You can use a relative URL as the argument to sendRedirect(), instead of specifying the whole “http://www...” thing. Relative URLs come in two flavors: with or without a starting forward slash (“/”).
Imagine the client originally typed in:
But if the argument to sendRedirect() DOES start with a forward slash:
The Container builds the complete URL relative to the web Container itself, instead of relative to the original URL of the request. So the new URL will be:
You can’t do a sendRedirect() after writing to the response!
That’s probably obvious, but it’s the LAW so we’re just making sure.
If you look up sendRedirect() in the API, you’ll see that it throws an IllegalStateException if you try to invoke it after “the response has already been committed.”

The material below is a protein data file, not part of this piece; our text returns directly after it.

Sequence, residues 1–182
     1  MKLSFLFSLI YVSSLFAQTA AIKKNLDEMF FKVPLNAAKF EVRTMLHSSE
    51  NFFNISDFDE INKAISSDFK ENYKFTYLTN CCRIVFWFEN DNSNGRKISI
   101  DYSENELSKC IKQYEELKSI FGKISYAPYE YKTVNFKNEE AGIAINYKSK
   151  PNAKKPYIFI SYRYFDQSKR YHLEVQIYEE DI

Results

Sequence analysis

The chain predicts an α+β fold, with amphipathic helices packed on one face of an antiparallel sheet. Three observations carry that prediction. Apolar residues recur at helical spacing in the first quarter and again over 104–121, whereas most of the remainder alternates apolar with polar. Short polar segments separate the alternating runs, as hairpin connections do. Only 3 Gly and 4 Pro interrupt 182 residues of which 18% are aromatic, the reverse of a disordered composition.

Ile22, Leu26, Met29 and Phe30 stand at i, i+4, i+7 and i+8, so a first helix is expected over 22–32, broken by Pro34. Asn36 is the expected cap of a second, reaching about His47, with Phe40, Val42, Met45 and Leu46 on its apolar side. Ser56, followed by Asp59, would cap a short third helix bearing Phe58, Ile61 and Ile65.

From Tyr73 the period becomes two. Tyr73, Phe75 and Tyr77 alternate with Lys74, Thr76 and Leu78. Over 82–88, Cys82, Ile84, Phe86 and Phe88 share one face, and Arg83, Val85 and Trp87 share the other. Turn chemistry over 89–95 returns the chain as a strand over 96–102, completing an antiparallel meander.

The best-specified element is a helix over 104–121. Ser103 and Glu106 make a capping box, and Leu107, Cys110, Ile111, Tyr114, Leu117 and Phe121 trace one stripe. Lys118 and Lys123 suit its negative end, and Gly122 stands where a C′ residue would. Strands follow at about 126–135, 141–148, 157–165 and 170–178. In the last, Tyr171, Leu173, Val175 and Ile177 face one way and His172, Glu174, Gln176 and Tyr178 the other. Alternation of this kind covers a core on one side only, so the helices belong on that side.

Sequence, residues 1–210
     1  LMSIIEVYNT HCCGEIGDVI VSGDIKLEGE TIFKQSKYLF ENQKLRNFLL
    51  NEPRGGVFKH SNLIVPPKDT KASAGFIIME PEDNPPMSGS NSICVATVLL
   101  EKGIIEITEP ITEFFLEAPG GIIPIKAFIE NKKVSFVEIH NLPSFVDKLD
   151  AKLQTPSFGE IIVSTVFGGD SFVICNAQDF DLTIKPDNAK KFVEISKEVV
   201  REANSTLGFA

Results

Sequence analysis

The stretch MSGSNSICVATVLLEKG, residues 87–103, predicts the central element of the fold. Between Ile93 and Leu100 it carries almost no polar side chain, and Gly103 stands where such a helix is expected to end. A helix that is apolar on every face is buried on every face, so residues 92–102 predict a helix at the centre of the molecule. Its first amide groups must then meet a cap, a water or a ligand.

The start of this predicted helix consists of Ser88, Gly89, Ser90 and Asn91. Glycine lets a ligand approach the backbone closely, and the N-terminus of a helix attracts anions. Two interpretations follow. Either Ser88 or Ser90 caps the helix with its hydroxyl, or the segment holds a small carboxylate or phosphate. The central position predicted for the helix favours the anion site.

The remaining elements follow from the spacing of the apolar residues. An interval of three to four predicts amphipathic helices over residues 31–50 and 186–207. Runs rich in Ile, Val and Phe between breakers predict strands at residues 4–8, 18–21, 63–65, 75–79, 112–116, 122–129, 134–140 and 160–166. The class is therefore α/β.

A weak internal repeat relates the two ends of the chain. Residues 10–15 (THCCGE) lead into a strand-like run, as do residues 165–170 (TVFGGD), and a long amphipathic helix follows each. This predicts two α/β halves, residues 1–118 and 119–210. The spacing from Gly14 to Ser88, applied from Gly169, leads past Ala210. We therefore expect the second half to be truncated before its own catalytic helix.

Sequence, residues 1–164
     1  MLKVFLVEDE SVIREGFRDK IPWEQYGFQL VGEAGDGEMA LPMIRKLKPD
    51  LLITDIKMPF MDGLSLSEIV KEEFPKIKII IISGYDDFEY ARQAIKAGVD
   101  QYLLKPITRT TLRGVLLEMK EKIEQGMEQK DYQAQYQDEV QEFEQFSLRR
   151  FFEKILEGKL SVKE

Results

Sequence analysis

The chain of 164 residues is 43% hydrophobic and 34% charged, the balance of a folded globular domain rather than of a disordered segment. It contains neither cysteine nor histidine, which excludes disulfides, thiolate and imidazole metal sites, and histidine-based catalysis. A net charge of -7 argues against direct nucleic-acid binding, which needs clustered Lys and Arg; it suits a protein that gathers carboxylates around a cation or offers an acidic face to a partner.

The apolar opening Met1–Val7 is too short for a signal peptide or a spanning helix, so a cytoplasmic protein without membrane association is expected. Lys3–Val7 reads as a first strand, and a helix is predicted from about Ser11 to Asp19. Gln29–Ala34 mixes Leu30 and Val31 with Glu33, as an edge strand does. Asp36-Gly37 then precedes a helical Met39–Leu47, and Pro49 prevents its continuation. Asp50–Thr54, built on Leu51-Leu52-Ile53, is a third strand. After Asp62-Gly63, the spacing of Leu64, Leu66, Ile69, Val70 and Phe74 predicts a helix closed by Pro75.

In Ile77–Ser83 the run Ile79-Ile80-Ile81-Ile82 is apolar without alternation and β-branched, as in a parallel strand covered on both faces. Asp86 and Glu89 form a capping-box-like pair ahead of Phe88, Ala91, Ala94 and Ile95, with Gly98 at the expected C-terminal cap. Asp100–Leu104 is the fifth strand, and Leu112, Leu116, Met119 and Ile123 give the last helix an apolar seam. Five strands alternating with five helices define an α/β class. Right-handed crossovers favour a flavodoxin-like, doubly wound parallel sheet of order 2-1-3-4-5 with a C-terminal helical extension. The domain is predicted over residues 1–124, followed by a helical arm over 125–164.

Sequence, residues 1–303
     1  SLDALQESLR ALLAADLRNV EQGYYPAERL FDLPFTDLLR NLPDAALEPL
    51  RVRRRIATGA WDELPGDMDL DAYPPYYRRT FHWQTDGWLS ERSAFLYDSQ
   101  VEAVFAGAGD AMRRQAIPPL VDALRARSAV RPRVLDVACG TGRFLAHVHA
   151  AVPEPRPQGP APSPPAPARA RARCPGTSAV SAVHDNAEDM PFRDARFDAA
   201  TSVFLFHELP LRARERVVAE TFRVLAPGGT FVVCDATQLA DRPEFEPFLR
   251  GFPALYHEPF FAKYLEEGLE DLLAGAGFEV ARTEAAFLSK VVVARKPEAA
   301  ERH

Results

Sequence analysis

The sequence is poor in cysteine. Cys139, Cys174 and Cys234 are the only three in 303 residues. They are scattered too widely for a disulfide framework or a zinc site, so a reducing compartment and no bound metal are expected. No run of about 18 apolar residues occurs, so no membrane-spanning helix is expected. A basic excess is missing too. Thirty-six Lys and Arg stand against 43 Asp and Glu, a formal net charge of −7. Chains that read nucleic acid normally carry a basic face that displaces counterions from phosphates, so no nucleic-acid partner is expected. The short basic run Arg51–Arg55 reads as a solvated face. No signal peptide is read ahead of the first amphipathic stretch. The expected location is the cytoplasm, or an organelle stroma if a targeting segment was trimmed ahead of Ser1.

By “committed”, they mean that the response has been sent. That just means the data has been flushed to the stream.
For practical purposes, it means you can’t write to the response and then call sendRedirect()!
But some picky professor will tell you that technically, you could write to the stream without flushing, and then sendRedirect() wouldn’t cause an exception. But it would be a completely stupid thing to do, so we won’t talk about it. (Except that we just did... talk about it...)
In your servlet, for gosh sakes make a decision! Either handle the request or do a sendRedirect() to have someone ELSE handle the request.
(By the way, this idea that “once it’s committed it’s too late” also applies to setting headers, cookies, status codes, the content-type, and so on...)
sendRedirect() takes a String, NOT a URL object!
Well, it takes a String that IS a URL. The point is, sendRedirect() does NOT take an object of type URL. You pass it a String that’s either a complete URL or a relative one. If the Container can’t build a relative URL into a full one, it’ll throw an IllegalStateException. The tricky part is to remember that THIS is wrong: sendRedirect(new URL(“www.oreilly.com”));